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UPDATE: Could American Airlines move its headquarters?

A key linchpin in the Fort Worth economy, American Airlines Group Inc., is considering sites for a new headquarters, possibly outside the city, the airline’s CEO said this morning.

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Crestwood area hoping to block planned office building

Residents of West Fort Worth’s Crestwood Association are trying to block the rezoning of a small apartment complex at White Settlement Road and North Bailey Avenue to make way for a planned office building, saying it would represent the start of commercial encroachment into their neighborhood.

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Tiger Woods takes a swing at Fort Worth's Dan Jenkins - in print anyway

Rarely does Golf Digest make the news. Leave it to Dan Jenkins to change that.

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Hilton Fort Worth named to Historic Hotels

The Hilton Fort Worth is one of 24 hotels named a member of the Historic Hotels of America, the Washington, D.C.-based group announced on Nov. 18.

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Great Women of Texas honored

The Fort Worth Business Press held the Great Women of Texas event Wednesday night at the Omni Fort Worth Hotel. Stacie McDavid of McDavid Investments was honored as the

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With Russia looming in Ukraine, Europe warming up to shale

 


Keith Johnson

WASHINGTON – Russian leaders, especially Vladimir Putin, have spent years trying to persuade European countries to hold off on expanding shale gas production for the simplest of reasons: Such a shift would pose a long-term threat to Russia's energy dominance over Europe. But the Russian invasion of the Crimean peninsula is giving Europe new enthusiasm for fracking – and potentially bringing about the exact outcome Russia has spent years trying to avoid.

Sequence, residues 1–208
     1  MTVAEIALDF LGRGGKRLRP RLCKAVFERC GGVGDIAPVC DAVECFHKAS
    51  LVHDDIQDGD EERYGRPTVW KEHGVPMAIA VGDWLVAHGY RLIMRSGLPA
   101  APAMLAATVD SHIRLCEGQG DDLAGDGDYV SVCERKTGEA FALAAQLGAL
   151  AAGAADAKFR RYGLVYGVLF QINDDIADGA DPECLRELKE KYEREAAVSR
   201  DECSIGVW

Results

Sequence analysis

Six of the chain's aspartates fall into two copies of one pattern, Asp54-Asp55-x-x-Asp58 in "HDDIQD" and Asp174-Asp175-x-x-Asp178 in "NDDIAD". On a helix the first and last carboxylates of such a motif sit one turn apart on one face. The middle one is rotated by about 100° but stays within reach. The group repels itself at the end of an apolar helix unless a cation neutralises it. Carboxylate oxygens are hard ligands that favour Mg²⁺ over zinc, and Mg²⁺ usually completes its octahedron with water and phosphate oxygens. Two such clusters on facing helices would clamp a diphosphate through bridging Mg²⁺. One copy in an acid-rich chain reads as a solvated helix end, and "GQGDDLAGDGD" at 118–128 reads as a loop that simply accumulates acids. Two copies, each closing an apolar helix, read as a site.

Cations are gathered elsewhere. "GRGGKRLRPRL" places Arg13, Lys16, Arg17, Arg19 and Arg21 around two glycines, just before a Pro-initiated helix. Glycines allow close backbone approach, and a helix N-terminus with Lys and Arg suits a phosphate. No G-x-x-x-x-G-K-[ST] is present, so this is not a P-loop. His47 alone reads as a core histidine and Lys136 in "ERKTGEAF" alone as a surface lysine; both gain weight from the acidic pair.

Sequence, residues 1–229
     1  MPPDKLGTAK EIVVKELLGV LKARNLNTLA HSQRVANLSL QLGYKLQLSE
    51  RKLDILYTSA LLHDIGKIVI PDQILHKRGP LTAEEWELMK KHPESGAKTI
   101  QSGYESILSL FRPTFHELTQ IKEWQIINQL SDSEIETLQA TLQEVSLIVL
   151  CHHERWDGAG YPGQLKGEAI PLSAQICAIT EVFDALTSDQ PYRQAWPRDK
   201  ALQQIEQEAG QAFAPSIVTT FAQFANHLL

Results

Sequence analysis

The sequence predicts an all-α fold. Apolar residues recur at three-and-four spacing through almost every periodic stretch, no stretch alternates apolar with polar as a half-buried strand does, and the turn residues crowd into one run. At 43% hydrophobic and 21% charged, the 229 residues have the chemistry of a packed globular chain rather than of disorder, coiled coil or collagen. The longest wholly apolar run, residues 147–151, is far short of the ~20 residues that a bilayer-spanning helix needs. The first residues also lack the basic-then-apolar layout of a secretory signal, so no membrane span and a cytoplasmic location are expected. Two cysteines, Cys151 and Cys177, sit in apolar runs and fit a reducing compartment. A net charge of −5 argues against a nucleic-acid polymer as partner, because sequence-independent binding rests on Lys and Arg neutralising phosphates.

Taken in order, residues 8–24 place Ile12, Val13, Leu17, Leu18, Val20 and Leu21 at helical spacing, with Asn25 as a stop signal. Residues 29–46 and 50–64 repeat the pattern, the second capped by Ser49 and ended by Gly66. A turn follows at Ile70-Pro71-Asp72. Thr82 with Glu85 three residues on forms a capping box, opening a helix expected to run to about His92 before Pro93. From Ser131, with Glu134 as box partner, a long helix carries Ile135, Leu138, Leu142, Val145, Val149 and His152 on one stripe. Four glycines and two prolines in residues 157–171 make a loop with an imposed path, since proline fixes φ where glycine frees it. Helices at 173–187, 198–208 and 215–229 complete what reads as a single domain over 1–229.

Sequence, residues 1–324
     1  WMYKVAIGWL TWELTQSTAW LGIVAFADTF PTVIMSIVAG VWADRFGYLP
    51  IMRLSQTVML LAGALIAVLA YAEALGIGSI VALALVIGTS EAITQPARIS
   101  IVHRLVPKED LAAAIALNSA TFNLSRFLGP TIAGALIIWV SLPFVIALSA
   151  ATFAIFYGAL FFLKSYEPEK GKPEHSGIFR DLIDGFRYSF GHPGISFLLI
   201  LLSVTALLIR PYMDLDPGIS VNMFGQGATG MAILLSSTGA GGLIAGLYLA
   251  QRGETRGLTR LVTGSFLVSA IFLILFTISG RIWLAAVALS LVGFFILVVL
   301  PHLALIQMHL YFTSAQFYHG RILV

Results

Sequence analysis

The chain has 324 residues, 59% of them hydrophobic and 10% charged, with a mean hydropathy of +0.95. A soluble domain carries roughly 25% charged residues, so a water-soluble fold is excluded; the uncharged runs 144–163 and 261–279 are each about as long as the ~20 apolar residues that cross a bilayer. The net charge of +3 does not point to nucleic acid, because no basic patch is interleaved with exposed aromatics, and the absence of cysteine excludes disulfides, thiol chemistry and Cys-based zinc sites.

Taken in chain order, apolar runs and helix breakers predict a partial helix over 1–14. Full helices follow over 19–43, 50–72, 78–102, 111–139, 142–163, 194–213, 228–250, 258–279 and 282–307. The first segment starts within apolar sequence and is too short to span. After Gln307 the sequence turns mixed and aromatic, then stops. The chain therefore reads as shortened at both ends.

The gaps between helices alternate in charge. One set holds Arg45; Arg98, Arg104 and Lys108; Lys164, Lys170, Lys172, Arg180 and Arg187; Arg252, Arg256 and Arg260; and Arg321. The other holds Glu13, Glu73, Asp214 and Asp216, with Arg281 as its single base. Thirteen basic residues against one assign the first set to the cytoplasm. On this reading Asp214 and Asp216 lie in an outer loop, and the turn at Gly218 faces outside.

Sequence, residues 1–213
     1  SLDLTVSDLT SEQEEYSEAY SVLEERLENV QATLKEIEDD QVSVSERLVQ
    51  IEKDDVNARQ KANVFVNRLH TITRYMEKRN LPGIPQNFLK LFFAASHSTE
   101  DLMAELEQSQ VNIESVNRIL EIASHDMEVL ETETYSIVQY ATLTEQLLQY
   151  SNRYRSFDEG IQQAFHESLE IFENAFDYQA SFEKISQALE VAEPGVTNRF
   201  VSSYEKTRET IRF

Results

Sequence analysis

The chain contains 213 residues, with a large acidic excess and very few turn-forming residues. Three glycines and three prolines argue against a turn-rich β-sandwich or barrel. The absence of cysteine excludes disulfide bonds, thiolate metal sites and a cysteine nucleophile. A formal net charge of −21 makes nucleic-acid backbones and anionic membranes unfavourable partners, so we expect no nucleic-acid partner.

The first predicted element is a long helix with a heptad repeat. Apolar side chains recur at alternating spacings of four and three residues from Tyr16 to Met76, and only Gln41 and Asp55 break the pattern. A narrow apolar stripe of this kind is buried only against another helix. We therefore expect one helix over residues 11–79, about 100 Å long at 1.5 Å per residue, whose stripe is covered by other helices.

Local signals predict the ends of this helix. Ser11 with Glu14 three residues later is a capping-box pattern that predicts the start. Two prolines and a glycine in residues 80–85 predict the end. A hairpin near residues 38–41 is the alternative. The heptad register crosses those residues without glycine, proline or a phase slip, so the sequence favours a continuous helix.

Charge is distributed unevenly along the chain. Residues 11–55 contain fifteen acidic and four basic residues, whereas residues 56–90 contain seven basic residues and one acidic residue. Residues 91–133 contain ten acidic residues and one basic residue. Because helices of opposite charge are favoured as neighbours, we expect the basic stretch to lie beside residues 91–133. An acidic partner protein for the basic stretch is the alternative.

The Old Continent has been largely reluctant to use the drilling technology that has enabled the U.S. energy boom despite indications that Europe sits atop plentiful shale gas reserves. Only a handful of countries, led by Poland and Britain, have seriously considered it, while several have banned fracking altogether. There are growing signs, however, that Russia's heavy-handed antics could be changing Europe's energy calculus in fundamental ways.

The European Parliament has passed energy legislation that includes tougher environmental rules for oil and gas exploration – but specifically excludes shale gas projects from the new regulations. Poland passed tax breaks meant to juice shale gas exploration there. Big European business lobbies, including steel-makers and the EU employers' association, just called for the continent to embrace shale gas as a way out of its energy straitjacket.

Europe’s changing attitude was reflected in a statement issued by Gordon Moffatt – director general of European steel lobby Eurofer – one day after the group sent an open letter to all European heads of state urging a shift in energy policy.

"Given the absolute necessity for Europe to diversify its sources of supply of gas and to find solutions to the huge energy price differential with its main competitors,” the statement said, “we see no alternative but to proceed as rapidly as possible with shale gas exploitation as part of the energy mix in Europe while retaining all the precautions necessary in pursuing this approach."

Europe's growing support for fracking isn't entirely new. Business groups across the continent were calling for more shale gas production even before the Russian invasion of Ukraine triggered fears that Moscow could use energy as a weapon to prevent European powers from intervening. Even in France, home to some of the continent's most ardent environmentalist groups, fracking's high-profile defenders include Industry Minister Arnaud Montebourg.

But in the past, fracking proponents zeroed in on economic arguments, namely the fear that European industrial firms are losing ground to their U.S. counterparts, which are blessed with relatively cheap and abundant natural gas that serves as both fuel and a key ingredient of petrochemicals like plastics and gas-derived diesel.

Now, though, energy security fears unleashed by Russia's aggressive behavior have joined economic arguments in fracking proponents' arsenal.

"It's been a shot in the arm for Europe, in a way it wasn't in the previous two gas cutoffs" in 2006 and 2009, said Elizabeth Rosenberg, director of the energy security program at the Center for a New American Security. "This is a significant reinvigoration of efforts that are already underway, but has served to make the public and policymakers think more creatively about the energy options they have."

Keith Johnson is a columnist for Foreign Policy magazine. This commentary was distributed by The Washington Post-Bloomberg News Service.
 

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